Friday, September 22, 2006

Interview with Richard Jefferson

Today I am publishing an interview with Richard Jefferson, founder and CEO of CAMBIA, and advocate for the Biological Open Source Movement. This is number nine of The Basement Interviews.

The first part of the introduction is being published here on my blog. The interview itself, including the full introduction, is available as a downloadable PDF file (see below for details). The interview is being published under a Creative Commons licence.

The Basement Interviews
Biological Open Source

Richard Jefferson, founder and CEO of CAMBIA, and leading light of the Biological Open Source Movement, talks to Richard Poynder

Richard Jefferson was born in California in 1956, the son of music promoter and producer Carl Jefferson. His mother, Hermeline, was a stage actress turned librarian.

Jefferson's parents divorced before he was born, so he and his two siblings lived with their mother in a single-parent household. As they were "financially challenged", says Jefferson, all the children had to pull their weight, and there were few treats. "I worked as a 4 am to 8 am paperboy most of my childhood. We never even had a family holiday — not one — and almost all my clothes were from 'goodwill' or Salvation Army."

After a brief period in what he refers to as "a pretty feeble Catholic elementary school", Jefferson entered the public school system, where he was put into a programme for "mentally gifted minors"

Although good at biology at school, Jefferson was more excited by physics and physical chemistry. Physics, he explains, offered "an underlying method in which you can distil the fundamental principles of life." By contrast, biology was just "a lot of cool observational stuff."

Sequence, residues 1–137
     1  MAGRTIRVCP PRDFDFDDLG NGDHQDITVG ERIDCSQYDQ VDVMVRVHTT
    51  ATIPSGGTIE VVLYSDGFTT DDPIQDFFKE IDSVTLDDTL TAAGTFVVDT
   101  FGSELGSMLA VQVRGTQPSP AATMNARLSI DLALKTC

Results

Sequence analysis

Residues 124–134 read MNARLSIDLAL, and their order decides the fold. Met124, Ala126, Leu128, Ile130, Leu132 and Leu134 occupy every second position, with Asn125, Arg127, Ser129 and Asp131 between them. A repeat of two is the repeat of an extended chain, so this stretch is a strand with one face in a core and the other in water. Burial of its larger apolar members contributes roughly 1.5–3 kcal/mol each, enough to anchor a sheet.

The best undergraduate

Jefferson's attitude to biology changed in 1974, however, when he went to the University of California in Santa Barbara (UCSB), and was exposed to what he calls "hardcore molecular biology." Specifically, one of the first lectures he attended was given by molecular biologist John Carbon, who talked about the research he had been doing on recombinant DNA during a recent sabbatical at Stanford University.

As he listened, Jefferson realised that Carbon was describing the same kind of "core unifying logic" that had thrilled him in his school physics, but had until now been absent from biology. Increasingly excited at what he was hearing, Jefferson began firing questions at Carbon, and the lecture turned into a two-way conversation, with the other students gazing on with glazed eyes.

The incident was sufficiently singular that Carbon recalls it vividly. As he explained to me by email: "I remember I talked about recent developments in recombinant DNA research (this was when that field was in its infancy). Rick Jefferson — as he was then known — asked several questions during the lecture, and then afterwards came up to talk with me, and to ask more questions. He was very excited about the research I described."

Jefferson was so enthralled, in fact that he immediately embarked on a campaign to persuade Carbon to let him work in his lab — an unheard of privilege for an undergraduate.